A publication of the Archaeological Institute of America
Prehistoric Tombs Discovered in Southern Poland
Wednesday, March 10, 2021
KRAKOW, POLAND—According to a report in The First News, a megalithic cemetery has been discovered by archaeologist Jan Bulas, who first spotted the outlines of an early medieval ditch in satellite images of a cultivated field in southeastern Poland. He and colleague Marcin M. Przybyła then mapped the field with magnetometers and discovered a row of megalithic barrows dating to some 5,500 years ago. They think the site could contain traces of as many as 12 stone-lined tombs measuring between 130 and 165 feet long. These long walls are thought to have been reinforced with wooden palisades, with an entrance placed on the narrow eastern end, he added. “Unfortunately, most of the remains of the deceased and equipment were removed from these burials while the cemetery was in operation,” Przybyła said. “It was a ritual behavior that we often encounter in cemeteries from that period.” To read about clay pig figurines unearthed at a Bronze Age hillfort in southern Poland, go to "Piggy Playthings."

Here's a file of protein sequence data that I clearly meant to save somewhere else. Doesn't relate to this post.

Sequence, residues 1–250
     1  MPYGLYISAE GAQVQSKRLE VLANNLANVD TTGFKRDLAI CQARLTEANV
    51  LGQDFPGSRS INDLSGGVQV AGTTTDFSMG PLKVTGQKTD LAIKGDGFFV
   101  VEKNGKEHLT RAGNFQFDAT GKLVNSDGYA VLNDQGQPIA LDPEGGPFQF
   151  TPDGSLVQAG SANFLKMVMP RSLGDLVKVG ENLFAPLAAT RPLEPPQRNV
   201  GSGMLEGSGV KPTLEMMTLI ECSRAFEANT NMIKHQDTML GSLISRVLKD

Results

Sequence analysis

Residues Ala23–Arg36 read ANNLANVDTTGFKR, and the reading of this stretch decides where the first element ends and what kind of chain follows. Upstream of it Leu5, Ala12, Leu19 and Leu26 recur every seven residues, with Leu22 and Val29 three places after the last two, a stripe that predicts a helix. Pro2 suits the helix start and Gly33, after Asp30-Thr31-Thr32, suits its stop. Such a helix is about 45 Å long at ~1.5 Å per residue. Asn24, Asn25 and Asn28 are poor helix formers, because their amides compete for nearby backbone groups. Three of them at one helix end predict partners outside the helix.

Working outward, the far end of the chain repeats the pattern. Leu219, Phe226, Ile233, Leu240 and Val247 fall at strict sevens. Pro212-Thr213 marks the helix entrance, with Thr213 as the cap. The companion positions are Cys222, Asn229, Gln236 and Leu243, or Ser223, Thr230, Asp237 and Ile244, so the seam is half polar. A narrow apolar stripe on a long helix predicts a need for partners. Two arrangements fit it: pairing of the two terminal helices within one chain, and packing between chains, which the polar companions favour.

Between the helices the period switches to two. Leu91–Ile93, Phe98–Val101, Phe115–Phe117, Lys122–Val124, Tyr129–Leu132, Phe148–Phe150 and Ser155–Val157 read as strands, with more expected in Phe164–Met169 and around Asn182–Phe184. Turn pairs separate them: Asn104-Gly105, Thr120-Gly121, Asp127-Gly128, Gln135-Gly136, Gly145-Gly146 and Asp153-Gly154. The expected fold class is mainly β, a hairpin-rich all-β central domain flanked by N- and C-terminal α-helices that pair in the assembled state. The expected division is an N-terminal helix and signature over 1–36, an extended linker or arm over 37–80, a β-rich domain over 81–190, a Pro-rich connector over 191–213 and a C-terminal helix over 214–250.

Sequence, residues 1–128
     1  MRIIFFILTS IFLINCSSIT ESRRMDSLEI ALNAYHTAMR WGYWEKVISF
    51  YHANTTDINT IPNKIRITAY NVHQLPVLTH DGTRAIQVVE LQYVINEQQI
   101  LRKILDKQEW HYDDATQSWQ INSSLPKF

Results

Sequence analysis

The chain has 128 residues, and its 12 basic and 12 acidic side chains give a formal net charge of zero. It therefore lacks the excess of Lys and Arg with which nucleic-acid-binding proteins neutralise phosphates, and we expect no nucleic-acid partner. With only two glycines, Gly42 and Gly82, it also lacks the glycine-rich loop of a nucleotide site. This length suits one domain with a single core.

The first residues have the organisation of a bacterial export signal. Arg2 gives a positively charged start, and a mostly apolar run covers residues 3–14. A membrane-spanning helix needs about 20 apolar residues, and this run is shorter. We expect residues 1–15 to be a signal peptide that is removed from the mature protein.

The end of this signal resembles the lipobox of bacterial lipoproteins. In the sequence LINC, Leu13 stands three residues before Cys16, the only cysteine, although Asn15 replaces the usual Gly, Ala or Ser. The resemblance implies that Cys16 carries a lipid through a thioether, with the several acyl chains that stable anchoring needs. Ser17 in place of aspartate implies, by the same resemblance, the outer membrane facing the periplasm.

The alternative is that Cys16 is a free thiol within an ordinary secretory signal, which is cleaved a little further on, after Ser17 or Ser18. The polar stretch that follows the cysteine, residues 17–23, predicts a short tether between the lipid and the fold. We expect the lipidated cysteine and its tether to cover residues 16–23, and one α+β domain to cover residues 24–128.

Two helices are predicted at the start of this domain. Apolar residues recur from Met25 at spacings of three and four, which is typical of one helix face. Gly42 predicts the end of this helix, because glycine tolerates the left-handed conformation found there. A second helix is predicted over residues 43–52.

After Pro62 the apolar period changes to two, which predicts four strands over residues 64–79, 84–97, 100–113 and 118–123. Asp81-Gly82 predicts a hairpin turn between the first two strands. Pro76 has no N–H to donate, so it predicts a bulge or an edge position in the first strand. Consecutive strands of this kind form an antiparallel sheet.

The Nile’s lost branch, prehistoric Pacific tools, Louisiana’s 11,000-year-old mound, an Iranian fire temple, and the oldest octopus lures
A roll of the dice